An insider’s view of Harris School Direct teacher training
It is both intensive and supportive – trainee teacher Lauren Hawkins discusses her experience of Harris School Direct.
Trainee teacher Lauren Hawkins joined the Harris School Direct cohort in 2015. Here she shares an insider view of training to teach English.
What inspired you to train to teach?
I’m not sure I could say it was as simple as a moment of inspiration. I think there was something very natural and inevitable about my journey towards teaching. I guess I have always been a bit of a teacher – I love to learn and share pieces of information, and have always been totally in love with my subject.
I kind of fell into it to be honest – I was approached by the parent of a university friend to privately tutor her younger brother for his Spanish exams and it took off, ever so gradually, from there.
What has been the most memorable moment so far?
I think teaching is made up of memorable moments. They are like stepping stones that help us cross the troublesome patches. I have been very blessed with the students I teach – some days all it takes is a word or a smile from a student to give you that warm feeling and remind you that you’re doing the right thing.
One recent stand-out moment would have to be when a girl I do intervention sessions with approached me in the corridor with a box of chocolates and a very touching Christmas card. I think sometimes you have no idea of the impact you are having.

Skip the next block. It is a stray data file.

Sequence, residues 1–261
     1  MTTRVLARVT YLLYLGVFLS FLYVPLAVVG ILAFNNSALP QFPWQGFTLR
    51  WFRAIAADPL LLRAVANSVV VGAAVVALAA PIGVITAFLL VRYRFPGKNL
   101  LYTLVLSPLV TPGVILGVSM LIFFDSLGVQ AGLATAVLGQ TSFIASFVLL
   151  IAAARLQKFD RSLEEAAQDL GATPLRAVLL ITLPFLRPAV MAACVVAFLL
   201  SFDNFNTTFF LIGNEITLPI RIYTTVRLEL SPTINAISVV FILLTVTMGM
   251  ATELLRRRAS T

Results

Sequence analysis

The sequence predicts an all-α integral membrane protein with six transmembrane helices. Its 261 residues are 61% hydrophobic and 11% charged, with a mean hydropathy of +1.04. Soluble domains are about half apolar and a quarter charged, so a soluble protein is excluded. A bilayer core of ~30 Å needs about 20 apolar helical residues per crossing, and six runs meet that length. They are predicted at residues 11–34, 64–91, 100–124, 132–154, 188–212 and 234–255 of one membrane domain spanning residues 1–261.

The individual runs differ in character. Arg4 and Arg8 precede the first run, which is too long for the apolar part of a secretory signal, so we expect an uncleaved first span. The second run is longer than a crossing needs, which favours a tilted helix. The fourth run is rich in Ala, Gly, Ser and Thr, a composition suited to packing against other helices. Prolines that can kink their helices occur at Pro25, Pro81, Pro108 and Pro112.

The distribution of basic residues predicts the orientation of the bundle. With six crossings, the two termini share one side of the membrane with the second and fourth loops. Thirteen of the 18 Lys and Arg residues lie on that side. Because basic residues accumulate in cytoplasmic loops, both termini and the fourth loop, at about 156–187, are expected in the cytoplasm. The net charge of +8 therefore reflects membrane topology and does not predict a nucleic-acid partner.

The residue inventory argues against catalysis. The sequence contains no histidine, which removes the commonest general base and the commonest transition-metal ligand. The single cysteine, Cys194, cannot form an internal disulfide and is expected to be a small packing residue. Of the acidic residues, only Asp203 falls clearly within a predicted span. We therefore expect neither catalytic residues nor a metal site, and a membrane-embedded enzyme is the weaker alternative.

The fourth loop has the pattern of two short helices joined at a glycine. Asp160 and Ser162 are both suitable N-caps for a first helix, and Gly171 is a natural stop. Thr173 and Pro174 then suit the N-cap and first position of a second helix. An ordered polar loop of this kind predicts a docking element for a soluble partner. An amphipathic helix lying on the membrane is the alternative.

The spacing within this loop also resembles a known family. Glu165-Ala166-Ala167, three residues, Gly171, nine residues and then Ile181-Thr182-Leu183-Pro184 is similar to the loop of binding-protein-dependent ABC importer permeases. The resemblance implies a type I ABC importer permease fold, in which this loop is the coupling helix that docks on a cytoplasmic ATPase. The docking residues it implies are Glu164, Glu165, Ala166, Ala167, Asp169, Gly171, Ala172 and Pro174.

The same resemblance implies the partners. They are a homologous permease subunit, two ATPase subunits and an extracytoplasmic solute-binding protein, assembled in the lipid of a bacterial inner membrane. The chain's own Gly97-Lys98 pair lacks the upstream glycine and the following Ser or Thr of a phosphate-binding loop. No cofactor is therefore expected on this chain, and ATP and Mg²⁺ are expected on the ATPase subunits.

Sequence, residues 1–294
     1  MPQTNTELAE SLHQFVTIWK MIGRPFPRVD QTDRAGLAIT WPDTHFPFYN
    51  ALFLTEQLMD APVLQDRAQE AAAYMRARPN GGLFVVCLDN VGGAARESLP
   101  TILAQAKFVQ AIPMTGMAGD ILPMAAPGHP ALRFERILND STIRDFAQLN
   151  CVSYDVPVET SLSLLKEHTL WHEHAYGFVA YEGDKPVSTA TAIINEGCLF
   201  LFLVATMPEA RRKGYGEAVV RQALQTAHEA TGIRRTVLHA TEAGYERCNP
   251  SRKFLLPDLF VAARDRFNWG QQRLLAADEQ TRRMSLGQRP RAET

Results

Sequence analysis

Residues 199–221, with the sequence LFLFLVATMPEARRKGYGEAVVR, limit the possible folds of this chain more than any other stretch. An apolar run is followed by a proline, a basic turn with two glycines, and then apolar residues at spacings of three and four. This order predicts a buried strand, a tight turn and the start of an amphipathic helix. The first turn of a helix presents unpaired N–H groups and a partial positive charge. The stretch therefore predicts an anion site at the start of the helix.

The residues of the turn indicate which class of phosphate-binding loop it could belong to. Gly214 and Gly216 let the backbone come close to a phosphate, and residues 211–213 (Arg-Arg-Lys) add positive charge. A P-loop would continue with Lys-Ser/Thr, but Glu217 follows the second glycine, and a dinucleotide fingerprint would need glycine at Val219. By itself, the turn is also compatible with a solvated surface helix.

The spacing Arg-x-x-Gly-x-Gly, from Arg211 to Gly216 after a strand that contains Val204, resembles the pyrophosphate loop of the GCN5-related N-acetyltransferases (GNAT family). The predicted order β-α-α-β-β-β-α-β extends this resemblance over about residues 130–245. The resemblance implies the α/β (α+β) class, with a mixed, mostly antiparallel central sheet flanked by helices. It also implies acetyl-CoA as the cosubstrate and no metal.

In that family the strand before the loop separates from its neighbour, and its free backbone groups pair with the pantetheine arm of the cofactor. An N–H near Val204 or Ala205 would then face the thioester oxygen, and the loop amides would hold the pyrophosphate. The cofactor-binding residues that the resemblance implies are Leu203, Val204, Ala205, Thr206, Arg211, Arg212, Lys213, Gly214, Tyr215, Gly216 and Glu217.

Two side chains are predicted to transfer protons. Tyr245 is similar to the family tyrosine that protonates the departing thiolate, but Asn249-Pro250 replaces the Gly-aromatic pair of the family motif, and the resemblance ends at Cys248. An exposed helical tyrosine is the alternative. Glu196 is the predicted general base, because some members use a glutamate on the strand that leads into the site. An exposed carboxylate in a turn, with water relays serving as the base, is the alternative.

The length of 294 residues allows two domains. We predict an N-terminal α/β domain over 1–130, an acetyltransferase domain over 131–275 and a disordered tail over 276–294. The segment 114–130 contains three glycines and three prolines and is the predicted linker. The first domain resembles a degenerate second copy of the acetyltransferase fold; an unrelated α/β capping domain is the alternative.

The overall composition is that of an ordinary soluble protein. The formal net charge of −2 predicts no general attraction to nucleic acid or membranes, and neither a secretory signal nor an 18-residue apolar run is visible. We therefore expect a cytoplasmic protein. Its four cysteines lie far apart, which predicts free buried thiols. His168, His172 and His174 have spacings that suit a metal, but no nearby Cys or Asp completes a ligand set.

How would you describe teaching your subject?
It’s like play for me. I am so in love with reading and language – it’s brilliant that I get to talk about it as my job. That said, I do think English is a very difficult subject to teach as it encompasses so much. One minute you can be exploring various ways to perform a Shakespeare monologue and examining character presentation, the next you can be analysing rhetorical devices in a newspaper article. I guess that’s one of the reasons I love it; the variety and breadth of the subject is really exciting and there are many dynamic ways to teach it. It can be challenging though, with some of the thematic content that can arise during the study of a literary text. But then that is what is so great; it provides a neutral space to discuss potentially quite controversial and provocative topics.
What advice would you give to others considering School Direct?
Do it. As simple as that. If you even have an inkling you want to teach, go for it. We are in such dire need of good quality teachers in this country and if I can encourage people to take that leap then I will be very happy. I am constantly trying to get some of the wonderful people I know to make a career change. I don’t know about other routes into teaching, but School Direct is such a logical way in; you learn on the job in an environment that is at once intensive and supportive.
Where do you see yourself in five years’ time?
I would like to complete further studies at some point, maybe getting into educational theory, which I find fascinating after researching elements of it for a recent assignment. I can see myself moving into policy making, but that is all a long way off. I would maybe like to become a lead practitioner or even head of department along the way. For now I am happy teaching.
For more information about train to teach with Harris School Direct, visit www.harristraintoteach.com